Irish farmers need to get over their aversion towards planting trees
I am very excited at the prospect that we are, hopefully, going to plant some forestry.
We've often talked about it and finally it looks like its going to happen.
When our forebears arrived here 9,000 years ago, broadleaf forest dominated. Coverage declined initially due to the change from hunter-gathering to agriculture. But the process accelerated rapidly from the 1600s onwards, due to exports to England for shipbuilding, etc.
At the turn of the 20th century, just 2pc of Ireland's land area was covered by forests. This has now risen to 11pc, with three-quarters of this being classified as predominantly conifer.
The target nationally is to bring the afforested area to 18pc by the middle of the century, and that ambition is attracting increased impetus in the context of our climate change strategy.
However, this year is actually seeing a contraction in planting, due to well-publicised reasons, while increased non-farmer activity in the sector is also raising some hackles.
Unlike other countries where farmers routinely plant trees to satisfy their own firewood requirements, I wonder why many Irish farmers see planting trees as only something for the old, infirm or those whose ambition has plateaued.
Perhaps part of the reason is that up to relatively recently, enough firewood was readily available through fallen trees and natural regeneration?
There are attractive (if reduced) grants available for planting and in 15-year annual premia. Moreover, grants, premia and timber sales are exempt from income tax and claiming them does not affect entitlement to the Basic Payment, subject to criteria. Profits from forestry are exempt from income tax.
A 2014 study into farmers' attitudes towards forestry found that, while financial considerations were important, so were other factors.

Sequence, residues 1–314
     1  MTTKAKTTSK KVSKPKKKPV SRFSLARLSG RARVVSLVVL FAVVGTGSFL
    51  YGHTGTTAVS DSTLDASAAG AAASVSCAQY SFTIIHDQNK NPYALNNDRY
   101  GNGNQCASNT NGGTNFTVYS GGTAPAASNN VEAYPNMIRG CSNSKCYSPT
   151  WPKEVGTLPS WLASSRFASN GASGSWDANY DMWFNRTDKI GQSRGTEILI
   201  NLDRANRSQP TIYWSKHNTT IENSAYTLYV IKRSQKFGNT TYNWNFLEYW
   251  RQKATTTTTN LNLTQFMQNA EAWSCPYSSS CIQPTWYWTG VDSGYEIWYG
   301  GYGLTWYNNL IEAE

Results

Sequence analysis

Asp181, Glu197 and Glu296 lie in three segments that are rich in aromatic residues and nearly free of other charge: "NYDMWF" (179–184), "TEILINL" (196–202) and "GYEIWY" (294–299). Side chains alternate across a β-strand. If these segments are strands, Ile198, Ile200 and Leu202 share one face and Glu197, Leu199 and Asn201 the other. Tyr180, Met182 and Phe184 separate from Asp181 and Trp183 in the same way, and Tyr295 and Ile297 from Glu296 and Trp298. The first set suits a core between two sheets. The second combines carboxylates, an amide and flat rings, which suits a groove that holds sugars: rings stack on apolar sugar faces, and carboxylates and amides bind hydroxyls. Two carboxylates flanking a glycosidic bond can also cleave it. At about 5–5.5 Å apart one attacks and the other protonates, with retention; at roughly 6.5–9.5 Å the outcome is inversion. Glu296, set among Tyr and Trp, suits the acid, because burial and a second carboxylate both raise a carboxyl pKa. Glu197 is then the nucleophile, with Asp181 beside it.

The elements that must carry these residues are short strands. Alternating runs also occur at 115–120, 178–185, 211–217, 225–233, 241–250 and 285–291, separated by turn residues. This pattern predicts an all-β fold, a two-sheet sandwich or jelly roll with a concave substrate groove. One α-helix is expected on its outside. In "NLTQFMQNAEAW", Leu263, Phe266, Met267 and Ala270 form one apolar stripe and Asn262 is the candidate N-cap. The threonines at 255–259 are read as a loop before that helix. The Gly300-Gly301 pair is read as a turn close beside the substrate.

These include continuing a family farm tradition, the preference for a farming lifestyle and, especially, that "good" land should not be planted even if it returns a higher income.
Farmers just don't see forestry as an enterprise like others.
What farmers do see is themselves is as temporary caretakers whose job is to hand on the land in at least as good a condition as they get it.
So the requirement that planted land must remain in forestry in perpetuity is off-putting.
If there is one single change that would stir new interest, it seems that this would be it. If forestry is as good a gig as is being made out, such compulsion shouldn't be necessary.
Another issue is the length of time it takes for the crop to mature.
There is a saying that the best time to plant a tree is 20 years ago; the next best time is today. However, this does provide flexibility around harvesting. A temporary dip in prices can be ridden out and the crop continues to appreciate in the meantime.
Back to ourselves, we have enlisted the help of a forester called Gerry Blake, who has paid us a couple of visits and is now helping to complete the rather onerous application form.
We are hoping to plant about 10 acres, in two lots. It's all marginal land which has been reseeded on a number of occasions, but rushes quickly reappear.
We are hoping that the smaller piece will be suitable for native woodland, as we are keen to enhance the ecological value of the farm.
I also love the idea of strolling through our own patch of deciduous forest. If we don't get to do it, someone else will.
As for the larger area, the current thinking is that Norway Spruce, with 10pc broadleaves, may be the most practical.
We are currently buzzing with enthusiasm. Hopefully, we still will be by the time the application process is complete.
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